"As I have said since day one, the Anchorage Assembly was fully apprised of all financial information related to the Municipality throughout my terms as mayor. The suggestion that the Assembly was not fully informed about the Municipality's financial condition is absurd and totally at odds with the record. We held multiple work sessions, issued reports and memos, and fully answered all questions. I could not, however, hold their collective hand to make sure they retained and analyzed the information provided. I think what we've seen is the result of an Assembly that eliminated its own budget analyst office and then was unable to keep up with the job they were elected to do. It's regrettable that some have tried to gain political advantage calling into question labor contracts that were vigorously negotiated and contained terms that were fair, both to the Municipality and to the police officers and fire fighters who put their lives on the line for us every day.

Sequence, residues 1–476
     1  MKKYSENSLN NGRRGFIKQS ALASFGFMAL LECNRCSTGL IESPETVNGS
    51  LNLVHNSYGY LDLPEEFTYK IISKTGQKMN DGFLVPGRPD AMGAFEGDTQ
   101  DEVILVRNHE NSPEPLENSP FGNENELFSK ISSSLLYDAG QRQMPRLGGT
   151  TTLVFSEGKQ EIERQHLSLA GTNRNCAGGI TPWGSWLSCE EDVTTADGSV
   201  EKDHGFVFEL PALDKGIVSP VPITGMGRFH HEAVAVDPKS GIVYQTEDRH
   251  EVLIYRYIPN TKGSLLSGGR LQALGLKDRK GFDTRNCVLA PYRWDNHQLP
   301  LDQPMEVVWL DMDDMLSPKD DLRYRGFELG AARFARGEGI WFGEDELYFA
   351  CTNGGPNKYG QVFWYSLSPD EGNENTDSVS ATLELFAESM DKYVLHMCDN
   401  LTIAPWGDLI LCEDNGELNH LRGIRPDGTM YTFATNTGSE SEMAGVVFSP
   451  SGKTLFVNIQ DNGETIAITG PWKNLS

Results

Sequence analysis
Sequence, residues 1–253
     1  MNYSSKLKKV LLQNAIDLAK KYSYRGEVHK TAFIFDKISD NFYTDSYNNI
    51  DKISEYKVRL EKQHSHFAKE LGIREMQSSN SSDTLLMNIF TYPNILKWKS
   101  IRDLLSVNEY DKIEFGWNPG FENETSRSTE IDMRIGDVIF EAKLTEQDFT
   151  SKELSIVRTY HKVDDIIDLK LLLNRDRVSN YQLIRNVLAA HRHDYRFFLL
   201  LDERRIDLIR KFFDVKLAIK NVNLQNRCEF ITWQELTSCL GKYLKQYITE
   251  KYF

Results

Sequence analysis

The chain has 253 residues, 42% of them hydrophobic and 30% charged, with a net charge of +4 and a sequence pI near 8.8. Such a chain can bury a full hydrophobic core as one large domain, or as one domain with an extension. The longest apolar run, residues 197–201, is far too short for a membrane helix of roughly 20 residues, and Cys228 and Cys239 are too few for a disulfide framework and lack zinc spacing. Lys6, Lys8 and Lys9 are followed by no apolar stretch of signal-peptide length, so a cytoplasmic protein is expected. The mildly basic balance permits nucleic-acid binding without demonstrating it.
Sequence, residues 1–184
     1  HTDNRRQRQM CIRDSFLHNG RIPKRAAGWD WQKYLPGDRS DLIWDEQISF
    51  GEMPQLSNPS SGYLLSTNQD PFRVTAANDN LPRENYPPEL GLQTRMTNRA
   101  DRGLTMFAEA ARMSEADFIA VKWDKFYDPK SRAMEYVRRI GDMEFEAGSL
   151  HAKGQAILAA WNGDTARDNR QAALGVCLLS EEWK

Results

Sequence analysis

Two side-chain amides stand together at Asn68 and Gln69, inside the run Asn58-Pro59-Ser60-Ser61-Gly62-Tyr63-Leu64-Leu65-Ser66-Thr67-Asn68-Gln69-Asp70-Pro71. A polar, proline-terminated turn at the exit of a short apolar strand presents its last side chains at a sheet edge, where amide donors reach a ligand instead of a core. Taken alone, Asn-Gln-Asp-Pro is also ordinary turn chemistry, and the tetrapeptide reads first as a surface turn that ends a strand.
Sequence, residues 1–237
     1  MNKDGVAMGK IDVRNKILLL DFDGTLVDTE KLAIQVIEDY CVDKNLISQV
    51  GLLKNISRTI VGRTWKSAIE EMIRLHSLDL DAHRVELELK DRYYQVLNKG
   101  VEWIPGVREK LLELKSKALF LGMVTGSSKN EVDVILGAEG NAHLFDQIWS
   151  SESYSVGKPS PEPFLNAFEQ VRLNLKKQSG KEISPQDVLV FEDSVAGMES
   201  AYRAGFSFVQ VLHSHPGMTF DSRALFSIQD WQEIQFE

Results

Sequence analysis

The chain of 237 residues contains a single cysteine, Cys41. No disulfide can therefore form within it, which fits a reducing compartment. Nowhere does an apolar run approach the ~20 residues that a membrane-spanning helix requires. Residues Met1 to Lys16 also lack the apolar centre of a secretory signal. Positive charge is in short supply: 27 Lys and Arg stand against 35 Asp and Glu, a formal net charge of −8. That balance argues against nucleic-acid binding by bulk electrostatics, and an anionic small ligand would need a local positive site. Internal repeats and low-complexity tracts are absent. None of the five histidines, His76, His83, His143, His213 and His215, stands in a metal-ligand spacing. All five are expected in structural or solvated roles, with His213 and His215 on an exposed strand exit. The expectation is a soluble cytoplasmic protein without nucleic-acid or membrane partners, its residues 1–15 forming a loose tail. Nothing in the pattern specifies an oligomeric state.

"When I was elected mayor in 2003 and inherited a $33 million budget gap, I didn't complain about the previous administration. We got to work, closed the gap and pulled the city together. I would urge the Sullivan Administration and the Anchorage Assembly to stop trying to divide the community, deal with the budget challenges they face, and put the citizens of Anchorage above political games.